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Date: Wed Dec 4 21:17:20 1991   
Subject: repair advice needed

    Date: Mon, 2 Dec 1991 16:01 EST
    From: (John Greeven)

    Well, I've finally gotten back to my z-project.  I'm trying to decide
    how to best approach my problem.  I've got a pretty badly banged up left
    rear quarter panel on a 1970 240z.  It's half way to being strait but
    I'm wondering if I wouldn't get better results by cutting off everything
    from the top of the fender wells down and replacing it with a metal
    insert.  Anybody been through this?

    BTW, I plan on selling the car after the repair so that I can finance
    a race car.  

    John Greeven

You can go either way.  Both can come out essentially perfect, depending on
your bodywork skills -- and particularly what you're best at.  
In principal, replacement is better, but I'll describe both and you can

But first, my story: I've redone a '75.  I took an evening body shop
class at our local community college.  It took 4 semesters till the car
was painted!  Highly recommended if available, unless you're already
completely secure with the stuff (which you aren't or you wouldn't 
ask :>) and you've got scads of body tools.

Anyhow, I welded in a couple of patch panels to unrust it.  
And I encountered a minor horror with the left rear fender;  The lady
I bought the car had had some body work done on it. It had been banged
in.  The shop (a _real_ body shop, mind you) used a slide hammer to get it
sort of in shape, then glopped bondo on (up to 3/8" thick!) and sculpted
it back to (temporary) perfection.   WRONG!

Hammer & Fill route:
  The thing is they were apparently put off by the Gordian knot of the
interior panels.  You've got to take 'em out (ultimately all of them!)
if you're going to hammer the fender back straight.  The less straight
you hammer it, the more bondo you've got to use to fill it.  And unless
you're truly expert with a torch and hammer (ie. to shrink the metal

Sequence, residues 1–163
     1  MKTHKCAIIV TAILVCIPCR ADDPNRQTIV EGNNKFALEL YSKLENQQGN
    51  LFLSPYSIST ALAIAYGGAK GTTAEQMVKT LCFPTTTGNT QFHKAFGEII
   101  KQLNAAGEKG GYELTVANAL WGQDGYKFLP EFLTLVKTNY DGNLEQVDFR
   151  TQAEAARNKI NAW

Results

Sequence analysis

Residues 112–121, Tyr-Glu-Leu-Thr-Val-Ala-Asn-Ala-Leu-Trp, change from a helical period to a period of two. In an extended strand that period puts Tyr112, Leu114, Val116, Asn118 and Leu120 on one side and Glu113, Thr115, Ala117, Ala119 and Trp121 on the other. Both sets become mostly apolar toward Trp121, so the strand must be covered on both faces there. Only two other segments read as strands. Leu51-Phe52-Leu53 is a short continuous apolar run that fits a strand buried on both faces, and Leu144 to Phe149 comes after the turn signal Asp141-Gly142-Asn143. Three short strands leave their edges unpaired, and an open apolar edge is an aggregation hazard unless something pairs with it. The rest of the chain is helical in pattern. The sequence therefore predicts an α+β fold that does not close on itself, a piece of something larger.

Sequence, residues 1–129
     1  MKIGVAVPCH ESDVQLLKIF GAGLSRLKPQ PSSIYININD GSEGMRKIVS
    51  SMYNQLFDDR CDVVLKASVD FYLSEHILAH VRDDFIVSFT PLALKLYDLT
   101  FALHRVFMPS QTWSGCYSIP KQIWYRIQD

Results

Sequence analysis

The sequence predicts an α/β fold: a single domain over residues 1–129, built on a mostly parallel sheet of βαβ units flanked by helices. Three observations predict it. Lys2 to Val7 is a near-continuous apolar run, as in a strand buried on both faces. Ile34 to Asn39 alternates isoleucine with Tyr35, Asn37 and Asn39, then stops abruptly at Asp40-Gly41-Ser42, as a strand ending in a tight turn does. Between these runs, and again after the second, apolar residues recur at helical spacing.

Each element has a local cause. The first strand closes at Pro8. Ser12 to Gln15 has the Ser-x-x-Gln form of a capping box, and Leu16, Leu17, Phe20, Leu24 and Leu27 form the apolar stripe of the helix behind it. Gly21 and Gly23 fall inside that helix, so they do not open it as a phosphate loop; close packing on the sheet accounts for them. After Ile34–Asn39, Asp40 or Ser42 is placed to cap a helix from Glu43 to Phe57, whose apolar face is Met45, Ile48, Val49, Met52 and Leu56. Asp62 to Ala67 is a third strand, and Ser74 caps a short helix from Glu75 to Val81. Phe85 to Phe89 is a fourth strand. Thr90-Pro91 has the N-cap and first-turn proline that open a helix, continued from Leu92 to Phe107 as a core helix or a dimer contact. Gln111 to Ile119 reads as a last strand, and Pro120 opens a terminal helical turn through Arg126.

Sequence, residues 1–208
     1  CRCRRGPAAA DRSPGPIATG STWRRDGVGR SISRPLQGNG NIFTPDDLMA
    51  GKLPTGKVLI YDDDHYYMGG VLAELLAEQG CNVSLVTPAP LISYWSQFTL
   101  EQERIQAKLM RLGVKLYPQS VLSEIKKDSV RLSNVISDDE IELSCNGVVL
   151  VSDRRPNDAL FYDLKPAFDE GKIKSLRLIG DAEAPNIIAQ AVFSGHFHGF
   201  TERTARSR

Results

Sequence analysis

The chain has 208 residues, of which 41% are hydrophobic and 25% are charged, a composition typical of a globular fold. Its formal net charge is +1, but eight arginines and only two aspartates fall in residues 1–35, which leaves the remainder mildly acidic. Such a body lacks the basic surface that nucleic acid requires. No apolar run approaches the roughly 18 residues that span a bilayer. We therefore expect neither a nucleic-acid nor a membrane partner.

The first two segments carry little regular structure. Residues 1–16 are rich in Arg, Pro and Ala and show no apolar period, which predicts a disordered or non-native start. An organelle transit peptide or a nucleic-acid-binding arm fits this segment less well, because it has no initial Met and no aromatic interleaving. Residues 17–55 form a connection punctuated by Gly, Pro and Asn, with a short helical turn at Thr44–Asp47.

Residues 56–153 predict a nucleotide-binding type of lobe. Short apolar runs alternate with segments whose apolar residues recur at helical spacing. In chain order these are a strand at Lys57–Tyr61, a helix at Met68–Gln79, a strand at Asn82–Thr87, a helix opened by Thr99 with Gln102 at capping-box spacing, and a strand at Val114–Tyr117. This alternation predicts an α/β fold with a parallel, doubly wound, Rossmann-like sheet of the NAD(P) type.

which is stretched at the kinks), you _will_ use _some_ bondo.   That's
OK, just not too much. You can do a decent job without a torch, you just
hammer & dolly till it's as close as possible to original (but _below_
the original level) then fill.

Getting the bondo straight is the trickiest part of this operation.
You really have to develop a feel, literally, for what is smooth and
straight.  That's where a class helps.  And there's various tricks:
spray a light coat of contrasting paint (a "guide coat") , then lightly
go over it with a body file.  This tells you where your high & low spots
are.  Otherwise you cant see 'em, and you'd be surprised at how bad some
things you cant feel look when you've got the finish coat on!
So you file the high spots down, fill in the low spots again and repeat
(and repeat......)

Patch panel route:
  First rule is get real patch panels, making them out of sheet metal
stock is usually tough.  You can get 'em from places in the monthly
posting, Motorsport for example.  So the first comparison between
methods is $ vs. time!   You still oughta take the interior panels out.
(get some of those wonderful plastic rivets while you're ordering the panel)
You get the panel and _then_ mark and cut out
the old, leaving maybe 1/2" overlap.  You can get cute and flange it:

               weld her
  old  ________ V__________ new
There're tools to do this easily.
Now you grind the bead of the weld flush and use bondo to fill it in --
but it should take very little.

OK, if you're good at sheet metal welding, this is the best and fastest.
But if you're not quite that good it's the same!  It is surprisingly
easy to warp large sheet metal panels, even with a MIG.  Note that you
dont get outrageously wavy metal, you get long shallow waves that you
might not notice at first.
If you've got strength but little finesse, you can easily hammer a
crushed panel to approximately the same correctness as you can 
warp a new panel by welding!  If you warp it, you go back to phase 2 of
the hammer & fill route.  Even if you're a good welder, I'd recommend
using the guide coat to verify the straightness.

So, in the case of rust, you've got to put new metal in.  For dings, its
a bit of a tossup.

... hmm, got a bit long.  let us know how it goes.


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